Given the Mariners' modest budget - they spend the minimum amount permitted under competition rules - it could be argued that Montgomery and his employers have a vested interest in persuading aspiring footballers that Australia is a desirable destination. Whether they choose the Central Coast or not, Montgomery hopes more of their contemporaries follow Mallon and Graham's lead. Given the links between the two clubs, and the opportunities on offer, one wonders why the relationship between United and the Mariners has not been exploited more.

"One hundred per cent they should," Montgomery says. "More should English youngsters should try, even for a spell, being overseas. Coming abroad to gain first team football, getting used to different pressure and cultures, can be invaluable in my book. For Sam and Stephen, the only pressure we put on them was the bring the same attitude and standards they have at United. They'll come back better players for what they're experiencing and, most importantly, better people too."

Nick Montgomery, a member of the last Sheffield United team to play Premier League football, has drawn parallels between the 2006 promotion winning squad and the one Chris Wilder has led to second in the Championship.

United enter this weekend's game against Bristol City unbeaten in 10 outings and searching for a fourth straight win after edging past Leeds before the international break.

But it was the sight of Wilder's side overcoming a difficult start to the contest, as Marcelo Bielsa's side threatened to seize control, which encouraged him the most.

"I watched the game there and it was a brilliant result," Montgomery, who joined United's youth programme after being released from Elland Road, said. "They are a really good bunch of players who are all working hard for each other and that's priceless; having people who are prepared to put their bodies on the line.

"That reminds me of what we had back in the day. We all looked out for one another and that's the same as the boys now."

Montgomery, who has spent the past seven years in Australia with Central Coast Mariners, helped United reach the top-flight 13 seasons ago before leaving Bramall Lane in 2012. When Wilder was appointed four years later, they were about to embark upon their sixth consecutive League One campaign following a painful fall from grace. Like many of his colleagues at the time, Mongtomery believes the Carlos Tevez Affair, when West Ham avoided a points deduction despite being found guilty of fielding an ineligible player, was partly responsible for that demise.

"Chris is doing a great job," he said. "Excellent in fact and he has instilled that steel in the team, which was really needed, after a few before him had failed.

"This can be the season when the club returns to the promised land. The Blades and the fans would deserve it because that cloud has hung over the club for too long."

Outlining plans to eventually become a head coach himself, Montgomery added: "When that happens, I will always sign players on their character first. I'll put that before ability. I've seen first hand how good players who are bad characters can ruin any dressing room.

"Low maintenance but high output players are what builds a good team and a good culture. That's what Chris has built at Bramall Lane."

Sam Graham and Stephen Mallon have found themselves in a "unique" situation after joining Central Coast Mariners on loan, according to former Bramall Lane stalwart Nick Montgomery.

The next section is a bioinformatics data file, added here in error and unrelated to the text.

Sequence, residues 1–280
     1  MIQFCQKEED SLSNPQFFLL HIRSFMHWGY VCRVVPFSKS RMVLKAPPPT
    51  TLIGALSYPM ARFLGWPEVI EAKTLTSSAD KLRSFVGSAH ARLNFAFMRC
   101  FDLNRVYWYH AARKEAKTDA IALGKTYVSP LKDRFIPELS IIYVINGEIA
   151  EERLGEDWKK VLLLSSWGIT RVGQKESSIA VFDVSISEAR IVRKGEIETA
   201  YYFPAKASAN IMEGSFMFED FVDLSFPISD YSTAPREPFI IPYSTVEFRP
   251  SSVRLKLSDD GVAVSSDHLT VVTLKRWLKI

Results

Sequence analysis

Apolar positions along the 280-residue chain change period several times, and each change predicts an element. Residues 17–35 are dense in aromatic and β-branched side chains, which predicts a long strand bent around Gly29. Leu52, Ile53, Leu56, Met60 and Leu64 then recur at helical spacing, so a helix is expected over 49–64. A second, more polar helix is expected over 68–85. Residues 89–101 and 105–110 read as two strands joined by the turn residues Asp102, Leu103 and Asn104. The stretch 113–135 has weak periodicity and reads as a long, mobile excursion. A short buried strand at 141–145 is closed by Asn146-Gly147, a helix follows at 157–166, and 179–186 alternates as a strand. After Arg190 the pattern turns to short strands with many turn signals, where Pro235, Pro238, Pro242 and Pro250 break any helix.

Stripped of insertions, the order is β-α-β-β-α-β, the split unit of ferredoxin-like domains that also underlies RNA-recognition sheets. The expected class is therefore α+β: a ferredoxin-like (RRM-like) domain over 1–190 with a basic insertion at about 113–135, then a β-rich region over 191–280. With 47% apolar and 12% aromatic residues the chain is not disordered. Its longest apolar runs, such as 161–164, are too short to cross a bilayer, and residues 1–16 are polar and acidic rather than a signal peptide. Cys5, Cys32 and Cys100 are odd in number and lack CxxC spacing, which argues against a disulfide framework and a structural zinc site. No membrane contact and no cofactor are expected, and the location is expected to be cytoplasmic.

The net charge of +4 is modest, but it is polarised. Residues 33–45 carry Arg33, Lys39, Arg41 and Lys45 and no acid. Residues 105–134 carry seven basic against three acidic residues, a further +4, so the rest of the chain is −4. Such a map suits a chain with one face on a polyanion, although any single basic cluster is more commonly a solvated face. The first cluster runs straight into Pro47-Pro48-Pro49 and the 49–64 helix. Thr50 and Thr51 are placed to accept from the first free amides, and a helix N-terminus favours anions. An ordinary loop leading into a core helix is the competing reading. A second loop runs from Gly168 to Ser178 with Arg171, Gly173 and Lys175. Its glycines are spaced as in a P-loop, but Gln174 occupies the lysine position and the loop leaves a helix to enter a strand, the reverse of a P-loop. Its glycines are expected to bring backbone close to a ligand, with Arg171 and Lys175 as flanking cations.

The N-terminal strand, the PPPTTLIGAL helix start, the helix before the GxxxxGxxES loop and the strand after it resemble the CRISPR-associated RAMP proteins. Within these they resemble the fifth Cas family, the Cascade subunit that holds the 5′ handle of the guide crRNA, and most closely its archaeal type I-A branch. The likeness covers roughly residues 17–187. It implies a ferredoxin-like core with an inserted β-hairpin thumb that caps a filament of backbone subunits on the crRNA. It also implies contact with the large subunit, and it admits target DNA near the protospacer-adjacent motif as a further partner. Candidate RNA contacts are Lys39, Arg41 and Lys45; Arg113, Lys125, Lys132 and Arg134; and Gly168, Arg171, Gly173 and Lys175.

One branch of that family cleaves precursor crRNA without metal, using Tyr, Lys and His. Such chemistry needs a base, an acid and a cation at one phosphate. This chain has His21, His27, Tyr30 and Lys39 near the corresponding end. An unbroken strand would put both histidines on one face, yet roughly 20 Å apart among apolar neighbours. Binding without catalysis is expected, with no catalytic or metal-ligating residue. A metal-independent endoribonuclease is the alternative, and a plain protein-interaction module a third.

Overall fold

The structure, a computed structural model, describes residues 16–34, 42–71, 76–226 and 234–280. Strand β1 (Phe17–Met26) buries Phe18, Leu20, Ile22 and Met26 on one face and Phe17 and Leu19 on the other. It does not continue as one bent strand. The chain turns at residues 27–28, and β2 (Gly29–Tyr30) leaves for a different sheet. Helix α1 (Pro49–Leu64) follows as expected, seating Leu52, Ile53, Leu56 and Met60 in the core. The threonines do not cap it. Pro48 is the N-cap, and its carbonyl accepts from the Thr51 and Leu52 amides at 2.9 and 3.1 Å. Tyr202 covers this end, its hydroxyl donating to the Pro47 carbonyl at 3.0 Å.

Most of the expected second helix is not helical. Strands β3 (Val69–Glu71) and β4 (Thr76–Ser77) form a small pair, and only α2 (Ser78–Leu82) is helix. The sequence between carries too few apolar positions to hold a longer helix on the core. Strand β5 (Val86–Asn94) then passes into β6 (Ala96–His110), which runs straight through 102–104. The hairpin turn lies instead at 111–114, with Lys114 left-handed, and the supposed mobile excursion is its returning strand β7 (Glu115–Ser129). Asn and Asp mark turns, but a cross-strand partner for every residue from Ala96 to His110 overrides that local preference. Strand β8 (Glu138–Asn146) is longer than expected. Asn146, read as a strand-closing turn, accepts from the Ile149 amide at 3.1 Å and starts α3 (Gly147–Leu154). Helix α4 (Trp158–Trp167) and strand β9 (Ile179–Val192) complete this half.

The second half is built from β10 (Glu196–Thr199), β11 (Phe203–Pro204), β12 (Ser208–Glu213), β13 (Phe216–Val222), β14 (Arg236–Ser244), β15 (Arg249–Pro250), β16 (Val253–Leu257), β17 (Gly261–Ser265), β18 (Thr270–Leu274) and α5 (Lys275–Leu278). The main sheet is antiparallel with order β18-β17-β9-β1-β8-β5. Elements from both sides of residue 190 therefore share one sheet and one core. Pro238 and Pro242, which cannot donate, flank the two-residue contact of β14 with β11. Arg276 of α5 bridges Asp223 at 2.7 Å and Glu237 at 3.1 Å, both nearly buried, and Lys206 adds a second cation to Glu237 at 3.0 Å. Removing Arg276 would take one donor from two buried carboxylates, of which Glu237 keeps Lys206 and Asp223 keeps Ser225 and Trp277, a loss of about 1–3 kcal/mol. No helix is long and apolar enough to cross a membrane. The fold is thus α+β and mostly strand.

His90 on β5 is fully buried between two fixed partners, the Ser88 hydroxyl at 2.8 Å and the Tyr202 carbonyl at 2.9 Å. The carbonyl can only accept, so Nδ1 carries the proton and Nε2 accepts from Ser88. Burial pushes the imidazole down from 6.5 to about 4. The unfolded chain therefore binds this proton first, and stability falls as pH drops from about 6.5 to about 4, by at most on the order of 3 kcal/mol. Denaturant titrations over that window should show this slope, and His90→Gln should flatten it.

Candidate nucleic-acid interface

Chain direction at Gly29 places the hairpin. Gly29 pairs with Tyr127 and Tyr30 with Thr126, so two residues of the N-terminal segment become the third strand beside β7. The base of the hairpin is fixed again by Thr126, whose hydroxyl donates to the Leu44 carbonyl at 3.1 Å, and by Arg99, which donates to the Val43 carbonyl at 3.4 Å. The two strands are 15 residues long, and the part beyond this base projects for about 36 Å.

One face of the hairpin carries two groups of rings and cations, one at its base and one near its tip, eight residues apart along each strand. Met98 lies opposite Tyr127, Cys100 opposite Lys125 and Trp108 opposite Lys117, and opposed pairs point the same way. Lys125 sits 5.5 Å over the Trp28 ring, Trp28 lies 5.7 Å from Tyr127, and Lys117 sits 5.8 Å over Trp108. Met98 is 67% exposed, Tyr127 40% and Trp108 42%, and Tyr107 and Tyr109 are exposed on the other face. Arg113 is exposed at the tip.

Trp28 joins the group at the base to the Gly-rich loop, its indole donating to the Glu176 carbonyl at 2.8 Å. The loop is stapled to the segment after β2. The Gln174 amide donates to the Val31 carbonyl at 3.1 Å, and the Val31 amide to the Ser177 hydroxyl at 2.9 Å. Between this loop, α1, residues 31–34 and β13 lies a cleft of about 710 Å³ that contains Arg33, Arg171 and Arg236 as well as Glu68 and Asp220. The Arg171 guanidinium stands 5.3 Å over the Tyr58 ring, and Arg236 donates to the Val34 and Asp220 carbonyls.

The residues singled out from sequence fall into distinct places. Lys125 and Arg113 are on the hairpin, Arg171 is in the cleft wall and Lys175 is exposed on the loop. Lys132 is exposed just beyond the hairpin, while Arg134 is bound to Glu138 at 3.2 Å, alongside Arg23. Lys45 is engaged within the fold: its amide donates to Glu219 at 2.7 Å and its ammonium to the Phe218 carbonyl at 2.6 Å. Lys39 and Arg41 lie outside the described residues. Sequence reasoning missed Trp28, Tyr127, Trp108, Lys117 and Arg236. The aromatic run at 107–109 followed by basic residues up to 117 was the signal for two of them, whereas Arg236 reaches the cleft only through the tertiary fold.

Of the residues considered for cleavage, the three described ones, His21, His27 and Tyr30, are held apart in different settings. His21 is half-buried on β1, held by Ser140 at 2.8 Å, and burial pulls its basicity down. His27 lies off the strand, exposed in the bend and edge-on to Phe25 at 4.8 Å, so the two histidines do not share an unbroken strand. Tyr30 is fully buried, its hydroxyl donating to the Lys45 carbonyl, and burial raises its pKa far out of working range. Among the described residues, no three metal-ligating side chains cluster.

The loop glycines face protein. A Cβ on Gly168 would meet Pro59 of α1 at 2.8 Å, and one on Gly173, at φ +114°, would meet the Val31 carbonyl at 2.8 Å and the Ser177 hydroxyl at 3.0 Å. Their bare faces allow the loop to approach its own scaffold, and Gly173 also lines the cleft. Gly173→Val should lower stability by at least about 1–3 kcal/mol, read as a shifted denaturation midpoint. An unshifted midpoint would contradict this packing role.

The two youngsters, aged 18 and 20 respectively, left Sheffield United on a temporary basis earlier this year after being granted permission to continue their educations with the Australian club.

With teams only permitted to employ five 'visa' or overseas players, the majority of the Mariners' rivals ring-fence a significant portion of their budgets for talent from abroad. But in Gosford, where Montgomery's employers are based, the financial model demands a different approach towards recruitment.

"I told them when they arrived that they were in a unique position, coming over as two visa players," Montgomery explained. "They were both still teenagers at the time.

"Most visa players are experienced internationals who are on the highest salaries in the league. So for them to come in as two inexperienced players, on visas, is not a common situation."

Mariners spend around £2.7m on wages, the minimum amount permitted under competition rules. According to Montgomery, some of their A-league rivals are lavishing over five times that amount on their squads with rules governing marquee players, who are exempt from the salary cap, further complicating the situation.

At the Mariners, where Montgomery is now a member of the coaching staff, the response has been to focus on developing rather than buying talent, although the Australian Football Federation is investigating ways of levelling the playing field in future seasons.

"If you're spending money on marquee players, it also means you've got more money to spend on getting the best Australian players because it leaves room under the cap," Montgomery said. "Currently there are no transfers between clubs either, which means we often lose the ones we have developed to other clubs who can offer them bigger wages."

Despite the problems the system causes for Montgomery and the Mariners' caretaker manager Alen Stajcic, it guarantees Graham and Mallon game-time.

"We've sold more young players outside of Australia than any other team over here," Montgomery said. "That's because we have to play them."

The Lowdown on Gosford:

*The town is located in the heart of Australia's Central Coast region.

*It is 47 miles north of Sydney and, as the crow flies, 10,513 from Sheffield.

*Nearly 170,000 people live there, according to the 2016 census.

*The record temperature recorded in Gosford is 44.8 celsius, measured six years ago.

Sam Graham: The defender, aged 18, signed his first professional contract with Sheffield United in March 2017, after progressing through the club's Steelphalt Academy. Having been loaned to FC Halifax Town and Oldham Athletic, he joined Central Coast Mariners for the remainder of the A-League season two months ago.

Stephen Mallon: The 20-year-old, who can play either as a winger or a wing-back, hails from Northern Ireland but now represents the Republic of Ireland at youth international level. After graduating from Sheffield United's youth system, he joined Graham in Australia on loan after impressing Central Coast Mariners.

Nick Montgomery: The former Sheffield United midfielder has been based in Australia since 2012, initially representing Central Coast Mariners as a player before becoming their head of football and most recently a senior coach. He made nearly 400 appearances for United, winning promotion to the Premier League, after leaving their youth scheme.